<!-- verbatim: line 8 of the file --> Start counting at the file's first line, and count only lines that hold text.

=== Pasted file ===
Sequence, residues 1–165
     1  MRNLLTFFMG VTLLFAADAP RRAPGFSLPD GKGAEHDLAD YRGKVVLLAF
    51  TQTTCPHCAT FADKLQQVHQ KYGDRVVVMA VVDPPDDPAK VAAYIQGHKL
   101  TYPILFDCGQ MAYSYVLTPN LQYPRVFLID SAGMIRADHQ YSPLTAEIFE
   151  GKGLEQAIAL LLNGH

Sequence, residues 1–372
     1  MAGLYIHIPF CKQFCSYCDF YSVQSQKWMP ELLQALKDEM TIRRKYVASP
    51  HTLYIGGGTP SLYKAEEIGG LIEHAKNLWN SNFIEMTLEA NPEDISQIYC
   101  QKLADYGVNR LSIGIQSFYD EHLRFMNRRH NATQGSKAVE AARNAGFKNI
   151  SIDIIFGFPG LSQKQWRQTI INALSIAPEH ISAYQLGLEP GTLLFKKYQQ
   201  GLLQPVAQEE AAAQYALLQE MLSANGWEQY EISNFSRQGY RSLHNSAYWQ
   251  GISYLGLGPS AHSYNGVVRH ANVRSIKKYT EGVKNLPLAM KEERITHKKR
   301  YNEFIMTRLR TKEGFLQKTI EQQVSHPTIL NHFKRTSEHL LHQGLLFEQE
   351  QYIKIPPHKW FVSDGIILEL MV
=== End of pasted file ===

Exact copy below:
    51  HTLYIGGGTP SLYKAEEIGG LIEHAKNLWN SNFIEMTLEA NPEDISQIYC